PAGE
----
Next Generation Fund
digital britain

UK's Next Generation Fund to invest £1 billion in "super-fast broadband"

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bis[UK] The UK government today announced that its Next Generation Fund will invest £1 billion to help bring “super-fast broadband” to 90% of the country by 2017, particularly rural households and businesses who might otherwise be left out of so-called Digital Britain.

The “additional” investment will be funded directly by the British tax payer as a continuation of the “duty of 50p on all fixed lines”, which was previously announced in the Digital Britain White Paper as part of the government’s unambitious ‘Universal Service Commitment’ to deliver broadband speeds of 2Mbps broadband to the whole country by 2012. The Next Generation Fund certainly ups the speed stakes, though it appears to be an ambition rather than a guarantee and, conveniently this time round, “super-fast” broadband isn’t actually defined.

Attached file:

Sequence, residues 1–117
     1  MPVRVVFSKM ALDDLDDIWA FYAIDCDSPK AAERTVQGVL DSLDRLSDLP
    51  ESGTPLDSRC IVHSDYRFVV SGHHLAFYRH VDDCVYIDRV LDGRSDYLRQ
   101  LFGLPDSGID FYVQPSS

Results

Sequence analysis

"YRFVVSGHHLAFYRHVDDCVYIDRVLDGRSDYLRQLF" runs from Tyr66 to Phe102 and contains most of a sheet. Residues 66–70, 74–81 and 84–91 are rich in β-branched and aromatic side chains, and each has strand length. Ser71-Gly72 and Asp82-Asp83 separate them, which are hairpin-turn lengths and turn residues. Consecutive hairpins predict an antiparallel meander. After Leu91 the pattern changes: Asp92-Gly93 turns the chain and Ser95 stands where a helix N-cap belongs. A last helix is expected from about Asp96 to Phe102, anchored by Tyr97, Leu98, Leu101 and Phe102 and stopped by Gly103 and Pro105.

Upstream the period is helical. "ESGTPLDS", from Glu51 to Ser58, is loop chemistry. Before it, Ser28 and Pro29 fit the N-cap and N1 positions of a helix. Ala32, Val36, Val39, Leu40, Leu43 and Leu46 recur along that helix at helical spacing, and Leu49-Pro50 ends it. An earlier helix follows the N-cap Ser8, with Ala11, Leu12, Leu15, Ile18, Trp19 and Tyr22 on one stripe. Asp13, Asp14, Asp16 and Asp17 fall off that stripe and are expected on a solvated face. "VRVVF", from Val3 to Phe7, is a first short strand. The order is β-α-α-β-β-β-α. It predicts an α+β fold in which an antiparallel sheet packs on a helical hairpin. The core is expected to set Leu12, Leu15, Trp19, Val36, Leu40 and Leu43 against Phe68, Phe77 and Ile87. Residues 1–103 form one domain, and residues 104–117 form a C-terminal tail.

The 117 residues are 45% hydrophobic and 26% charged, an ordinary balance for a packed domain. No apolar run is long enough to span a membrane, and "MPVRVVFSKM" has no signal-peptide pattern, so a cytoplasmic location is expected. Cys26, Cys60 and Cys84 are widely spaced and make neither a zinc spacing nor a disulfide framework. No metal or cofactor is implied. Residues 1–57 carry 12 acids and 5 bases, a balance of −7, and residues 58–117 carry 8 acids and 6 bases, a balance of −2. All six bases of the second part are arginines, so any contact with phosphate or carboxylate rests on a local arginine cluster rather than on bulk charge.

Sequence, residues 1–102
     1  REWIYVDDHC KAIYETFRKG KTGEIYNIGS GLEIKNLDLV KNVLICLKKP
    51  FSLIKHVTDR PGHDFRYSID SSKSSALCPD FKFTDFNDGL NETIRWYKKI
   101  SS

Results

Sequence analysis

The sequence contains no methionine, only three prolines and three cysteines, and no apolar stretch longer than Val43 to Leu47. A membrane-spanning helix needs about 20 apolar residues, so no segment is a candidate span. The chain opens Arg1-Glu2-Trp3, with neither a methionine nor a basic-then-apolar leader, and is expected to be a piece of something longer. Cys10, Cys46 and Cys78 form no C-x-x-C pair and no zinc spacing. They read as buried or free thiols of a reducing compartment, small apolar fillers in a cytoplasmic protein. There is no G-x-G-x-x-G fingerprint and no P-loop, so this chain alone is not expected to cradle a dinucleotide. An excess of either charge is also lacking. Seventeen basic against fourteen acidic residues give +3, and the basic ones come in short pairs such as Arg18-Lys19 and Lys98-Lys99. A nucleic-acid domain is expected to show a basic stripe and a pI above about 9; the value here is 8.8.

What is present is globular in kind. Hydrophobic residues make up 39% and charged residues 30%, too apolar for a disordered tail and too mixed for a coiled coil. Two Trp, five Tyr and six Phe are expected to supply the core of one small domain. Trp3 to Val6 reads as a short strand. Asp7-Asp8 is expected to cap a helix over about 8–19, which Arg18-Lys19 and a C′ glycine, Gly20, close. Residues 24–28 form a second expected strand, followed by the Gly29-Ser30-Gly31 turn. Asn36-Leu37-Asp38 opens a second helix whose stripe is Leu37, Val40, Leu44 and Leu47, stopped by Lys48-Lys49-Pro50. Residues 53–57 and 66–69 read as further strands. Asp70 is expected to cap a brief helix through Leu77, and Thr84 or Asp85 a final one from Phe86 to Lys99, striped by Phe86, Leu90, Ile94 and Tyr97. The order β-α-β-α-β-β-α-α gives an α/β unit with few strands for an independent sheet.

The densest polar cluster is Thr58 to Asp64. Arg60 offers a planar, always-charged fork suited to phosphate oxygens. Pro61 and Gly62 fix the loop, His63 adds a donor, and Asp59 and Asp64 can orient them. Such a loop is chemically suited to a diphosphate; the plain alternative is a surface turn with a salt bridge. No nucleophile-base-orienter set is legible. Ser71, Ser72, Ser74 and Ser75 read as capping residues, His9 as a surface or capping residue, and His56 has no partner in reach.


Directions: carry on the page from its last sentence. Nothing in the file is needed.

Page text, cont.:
A consultation will now be held with “stakeholders across the telecommunications and internet provider industry” on how best to raise and spend the fund, and a procurement team to oversee the delivery and management of Next Generation Access will soon be appointed. Although on the spending front the government has already laid out its overall aims.

Alongside evening up the country’s digital divide and boosting the digital economy, the fund is being pitched as part of the government’s sustainable growth strategy. In other words, there’s inevitably a ‘green’ political play at hand here too. The consultation paper makes great mention of the benefits the fund will bring to Telemedicine, Teleworking and Cloud computing, for example, with reference to reducing carbon emissions.

In fact, if the government is to be believed, there’s something in it for everybody. One sentence in particular caught my eye. Teleworking “brings social and economic benefits to those who are less mobile such as people with disabilities.” Now, I can personally attest to that being true. I’ve been using the Internet to overcome aspects of my disability by teleworking off and on since 1997 – although that was years before Digital Britain was even invented.